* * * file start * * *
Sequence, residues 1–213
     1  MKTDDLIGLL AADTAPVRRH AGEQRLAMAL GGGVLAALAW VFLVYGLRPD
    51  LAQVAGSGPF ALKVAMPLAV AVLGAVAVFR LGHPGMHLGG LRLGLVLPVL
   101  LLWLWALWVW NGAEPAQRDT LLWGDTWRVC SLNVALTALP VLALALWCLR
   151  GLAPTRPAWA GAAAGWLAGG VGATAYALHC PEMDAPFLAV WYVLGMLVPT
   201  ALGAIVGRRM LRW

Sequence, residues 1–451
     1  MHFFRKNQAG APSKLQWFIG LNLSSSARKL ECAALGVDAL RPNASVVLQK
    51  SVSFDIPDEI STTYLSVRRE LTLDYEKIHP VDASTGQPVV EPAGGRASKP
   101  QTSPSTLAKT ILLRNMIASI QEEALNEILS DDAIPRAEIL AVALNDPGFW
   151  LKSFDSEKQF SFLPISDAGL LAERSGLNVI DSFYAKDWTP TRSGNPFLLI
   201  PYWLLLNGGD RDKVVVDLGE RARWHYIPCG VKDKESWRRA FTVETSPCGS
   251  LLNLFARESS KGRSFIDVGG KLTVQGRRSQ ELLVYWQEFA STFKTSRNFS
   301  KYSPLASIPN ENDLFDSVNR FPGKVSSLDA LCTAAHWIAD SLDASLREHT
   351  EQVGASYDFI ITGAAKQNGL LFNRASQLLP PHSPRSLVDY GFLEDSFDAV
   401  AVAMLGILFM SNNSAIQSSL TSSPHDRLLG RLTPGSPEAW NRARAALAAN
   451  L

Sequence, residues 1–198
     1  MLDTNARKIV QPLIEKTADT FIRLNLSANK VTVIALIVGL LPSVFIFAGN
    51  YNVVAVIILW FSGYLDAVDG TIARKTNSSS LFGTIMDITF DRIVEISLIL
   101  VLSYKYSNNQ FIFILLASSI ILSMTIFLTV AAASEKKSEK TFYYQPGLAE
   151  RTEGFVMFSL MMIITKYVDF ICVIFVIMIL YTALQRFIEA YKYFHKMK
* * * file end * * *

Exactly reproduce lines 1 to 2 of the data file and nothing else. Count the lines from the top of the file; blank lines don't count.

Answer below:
Sequence, residues 1–213
     1  MKTDDLIGLL AADTAPVRRH AGEQRLAMAL GGGVLAALAW VFLVYGLRPD